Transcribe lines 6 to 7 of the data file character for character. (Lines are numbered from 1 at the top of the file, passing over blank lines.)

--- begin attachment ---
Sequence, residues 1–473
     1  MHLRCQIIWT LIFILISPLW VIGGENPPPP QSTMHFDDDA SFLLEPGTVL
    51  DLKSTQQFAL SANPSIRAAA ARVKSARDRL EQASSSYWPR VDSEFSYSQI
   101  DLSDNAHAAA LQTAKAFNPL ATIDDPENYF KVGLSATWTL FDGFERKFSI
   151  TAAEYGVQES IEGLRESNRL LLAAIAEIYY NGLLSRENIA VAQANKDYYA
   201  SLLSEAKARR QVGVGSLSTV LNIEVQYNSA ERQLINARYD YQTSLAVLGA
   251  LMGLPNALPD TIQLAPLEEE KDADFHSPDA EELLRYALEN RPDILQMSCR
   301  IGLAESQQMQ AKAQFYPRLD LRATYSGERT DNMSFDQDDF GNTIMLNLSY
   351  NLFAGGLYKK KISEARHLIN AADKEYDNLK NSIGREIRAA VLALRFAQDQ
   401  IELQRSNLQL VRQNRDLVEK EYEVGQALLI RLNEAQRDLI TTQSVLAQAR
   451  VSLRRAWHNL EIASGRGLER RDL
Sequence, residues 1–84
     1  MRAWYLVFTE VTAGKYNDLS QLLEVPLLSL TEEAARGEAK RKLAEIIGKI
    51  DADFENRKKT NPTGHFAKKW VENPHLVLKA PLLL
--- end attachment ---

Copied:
   201  SLLSEAKARR QVGVGSLSTV LNIEVQYNSA ERQLINARYD YQTSLAVLGA
   251  LMGLPNALPD TIQLAPLEEE KDADFHSPDA EELLRYALEN RPDILQMSCR